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|Ha ha. That story's funny.
Originally posted by househusband at 2006-12-2 10:44 PM
I remember I once read an article written by an overweight lady (a native speaker of Eng), in which she shows a tremendous self esteem for her being overweight. She even makes humor out of her physique by describing how she on one occasion took a seat in a chair. She says she "saturated" the chair " in all dimensions"( I'm probably paraphrasing). So it seems, when you saturate something, that thing must resemble a container. Is my understanding correct, Jeff?
I can't think of a word in English that means squeeze something into a container so that its shape resembles the container, except "to mold."
saturate - infuse or fill completely, to soak, impregnate, or imbue thoroughly or completely: to saturate a sponge with water; "The recollection was saturated with sunshine" (Vladimir Nabokov)..
It doesn't necessarily (and often does not) mean that the thing resembles the container. If you saturate a paper towel with water, all you have is a soggy mess! :)
The overweight lady's usage is intended to be humorous not only because it is self-deprecating but because it uses the word in a way to suggest that she could "saturate" the chair. (If she had said, "I molded myself into the chair" it would have had a similar meaning but "saturated" sounds even funnier.) If she had said she had "smothered" the chair (obviously a different meaning), the humor would be about the same.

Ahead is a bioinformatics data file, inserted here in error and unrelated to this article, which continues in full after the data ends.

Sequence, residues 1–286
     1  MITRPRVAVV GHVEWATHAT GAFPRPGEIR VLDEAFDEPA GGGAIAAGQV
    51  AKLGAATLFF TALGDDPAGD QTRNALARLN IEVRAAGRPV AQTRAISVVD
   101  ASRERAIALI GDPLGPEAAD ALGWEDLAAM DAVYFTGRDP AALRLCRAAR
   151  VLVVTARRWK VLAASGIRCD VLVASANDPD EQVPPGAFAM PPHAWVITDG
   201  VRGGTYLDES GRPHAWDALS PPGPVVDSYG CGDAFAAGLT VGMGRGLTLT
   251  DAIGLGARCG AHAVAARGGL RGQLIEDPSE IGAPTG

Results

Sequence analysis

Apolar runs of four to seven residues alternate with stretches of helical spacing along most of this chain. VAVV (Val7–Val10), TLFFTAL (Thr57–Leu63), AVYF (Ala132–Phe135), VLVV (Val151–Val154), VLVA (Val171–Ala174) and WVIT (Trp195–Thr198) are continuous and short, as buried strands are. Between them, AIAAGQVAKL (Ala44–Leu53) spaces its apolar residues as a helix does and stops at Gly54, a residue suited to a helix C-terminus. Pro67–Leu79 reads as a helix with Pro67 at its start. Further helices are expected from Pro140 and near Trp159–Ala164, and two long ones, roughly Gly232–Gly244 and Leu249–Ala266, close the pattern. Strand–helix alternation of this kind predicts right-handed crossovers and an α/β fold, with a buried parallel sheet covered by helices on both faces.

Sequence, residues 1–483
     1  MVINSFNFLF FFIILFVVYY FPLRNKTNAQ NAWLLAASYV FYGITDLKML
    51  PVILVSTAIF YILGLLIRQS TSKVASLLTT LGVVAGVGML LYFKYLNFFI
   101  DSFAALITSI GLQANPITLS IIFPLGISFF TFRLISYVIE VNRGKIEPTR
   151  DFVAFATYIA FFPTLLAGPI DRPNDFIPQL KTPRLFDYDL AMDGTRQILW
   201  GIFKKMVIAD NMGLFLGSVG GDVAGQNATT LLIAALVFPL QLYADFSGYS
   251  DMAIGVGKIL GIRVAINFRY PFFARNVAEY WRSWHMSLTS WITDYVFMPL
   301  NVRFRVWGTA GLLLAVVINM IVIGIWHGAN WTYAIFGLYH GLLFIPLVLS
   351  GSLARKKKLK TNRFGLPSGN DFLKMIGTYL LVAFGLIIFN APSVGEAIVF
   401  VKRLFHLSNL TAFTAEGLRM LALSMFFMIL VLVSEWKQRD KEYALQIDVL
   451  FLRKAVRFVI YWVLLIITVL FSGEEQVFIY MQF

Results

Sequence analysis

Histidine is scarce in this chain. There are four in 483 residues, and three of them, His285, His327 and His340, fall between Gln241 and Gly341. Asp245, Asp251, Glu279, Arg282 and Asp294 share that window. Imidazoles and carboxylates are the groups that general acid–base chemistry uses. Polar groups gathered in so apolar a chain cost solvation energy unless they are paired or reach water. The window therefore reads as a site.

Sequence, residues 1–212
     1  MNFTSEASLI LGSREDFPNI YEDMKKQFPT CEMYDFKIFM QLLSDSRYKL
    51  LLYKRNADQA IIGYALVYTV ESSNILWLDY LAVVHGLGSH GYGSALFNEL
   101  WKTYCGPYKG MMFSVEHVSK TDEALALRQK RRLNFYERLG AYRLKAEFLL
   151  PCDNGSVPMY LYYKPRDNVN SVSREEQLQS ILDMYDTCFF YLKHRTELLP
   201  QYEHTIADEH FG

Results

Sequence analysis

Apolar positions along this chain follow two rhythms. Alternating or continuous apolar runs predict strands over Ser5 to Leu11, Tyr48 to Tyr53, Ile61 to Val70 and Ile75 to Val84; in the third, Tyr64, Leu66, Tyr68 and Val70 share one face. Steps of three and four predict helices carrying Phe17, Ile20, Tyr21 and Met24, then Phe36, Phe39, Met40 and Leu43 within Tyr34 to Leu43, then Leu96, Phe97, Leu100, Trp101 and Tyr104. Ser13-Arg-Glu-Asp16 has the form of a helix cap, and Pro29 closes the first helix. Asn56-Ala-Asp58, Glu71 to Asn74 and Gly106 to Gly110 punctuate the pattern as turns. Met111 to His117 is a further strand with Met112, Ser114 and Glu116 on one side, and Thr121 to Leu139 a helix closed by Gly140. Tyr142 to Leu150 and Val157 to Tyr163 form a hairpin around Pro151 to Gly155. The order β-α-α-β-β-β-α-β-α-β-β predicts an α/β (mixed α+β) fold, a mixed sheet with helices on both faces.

"Saturate," as you said, househusband, is not quite the right word here. In reference to the light of a setting sun, its rays slanting on to an eastern wall, "saturate" seems a bit, well, too intense..
"saturated" is also used in reference to color (of the highest intensity of hue; free from admixture of white)—a "saturated" yellow is a brilliant, intense yellow, for example.
"suffuse" is often used to describe light and color, as in "The sky was suffused with a warm pink color." It suggests a kind of softness, although I am not sure that is in the definition.
celine's phrase works with a little modification: "dazzling with golden sunshine" or "dazzling with golden light" but it gives the impression of more intense light.
I might change my sentence to "Slanting sunshine spilled through the windows, suffusing the entire east wall in golden light" (sunlight → light) to avoid the repetition of "sunshine" and "sunlight."
That resource from the British Library is great, hly! Thanks for sharing that…